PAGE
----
Leave No Trace
Important always, it is something that is camping and hiking 101, leave it better than you found it. Simple as it sounds however all to often this is a neglected train of thought in the great outdoors. If you bring it in, simply take it back with you in all regards. While it might be fun to make your mark by tying that little string in the bushes, it can later become something which could damage the ecosystem around you. When hiking, it might seem like a lot to have that extra dry pack with your garbage including old propane containers, but again if you are willing to bring it you have to be willing to take it with you.
One of the most concerning stories I have heard when traveling were Park Rangers saying that through hikers so often would leave discarded items tied in trees deigned for keeping items away from bears. This was all to often along the APT especially.
Do Not Vandalize & Report Those Who Do
This might seem like the most obvious of the rules, but during times of shutdown when there is no accountability to many lawlessness seems to break out and with that an influx of “tagging” and vandalizing seems to happen. If you happen to be out and witness something like this you can still report it to local authorities and law enforcement. While typically rangers take care of this, law enforcement will step in to do so during these times.
Avoid Hikes Which Typically Require Permits
Yes, it might seem like a great idea to go out on those hikes you usually would be waiting months to get approval to do so, but this is not the time to tackle those hikes. A permit is usually required on these for accountability and safety, avoiding this process, while it might seem convenient to you, can also be very dangerous. Permits are issued based on time of year and safety, they also are used to track that you make it both in and out in the estimated time frame, otherwise a search party is sent in for you. By avoiding this process and taking advantage, you are literally placing your safety entirely in your own hands.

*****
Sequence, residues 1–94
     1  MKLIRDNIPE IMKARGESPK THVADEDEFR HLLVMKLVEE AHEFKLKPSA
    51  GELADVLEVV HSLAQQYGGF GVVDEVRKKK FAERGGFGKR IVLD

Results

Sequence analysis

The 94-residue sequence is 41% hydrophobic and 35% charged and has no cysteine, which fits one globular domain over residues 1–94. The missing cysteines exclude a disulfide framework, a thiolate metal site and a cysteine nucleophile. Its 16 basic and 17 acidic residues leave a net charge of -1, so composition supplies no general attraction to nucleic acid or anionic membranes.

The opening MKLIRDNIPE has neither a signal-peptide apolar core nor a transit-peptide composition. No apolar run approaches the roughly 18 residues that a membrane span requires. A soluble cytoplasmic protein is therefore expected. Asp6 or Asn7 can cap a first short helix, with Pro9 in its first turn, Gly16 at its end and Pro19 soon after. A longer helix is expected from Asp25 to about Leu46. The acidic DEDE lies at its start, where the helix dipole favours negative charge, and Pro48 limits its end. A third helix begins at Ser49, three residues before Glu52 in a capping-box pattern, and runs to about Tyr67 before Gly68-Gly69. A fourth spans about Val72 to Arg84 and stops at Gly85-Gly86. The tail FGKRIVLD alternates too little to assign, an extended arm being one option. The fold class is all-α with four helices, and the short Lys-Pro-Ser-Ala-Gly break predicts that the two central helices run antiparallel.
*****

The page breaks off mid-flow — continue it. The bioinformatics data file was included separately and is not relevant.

Pack Everything You Will Need
Being alone on a trail that is not patrolled can hold many risks. When traveling in general you should always be prepared, but even more so when hiking during the shutdown. If you happen to have an emergency and are unable to get assistance you will want to have enough supplies to sustain yourself until you can be found by another person also hiking in the area. For this reason pack a slightly larger bag than typical and load it down with water, food, an emergency blanket, emergency radio, water filter, hand warmers and a knife suited for bushcraft.
I found that my Lonestar 30 Daypack by Gossamer Gear came in handy for just that when I was at Mount Scott. I was able to pack it down with additional supplies just in case. I found that while I had a bit of extra weight that it was well worth it while traversing the rocky crag at the top of the peak using the items to maintain warmth and provide nutrients to replenish those used in the trek in the frigid January air.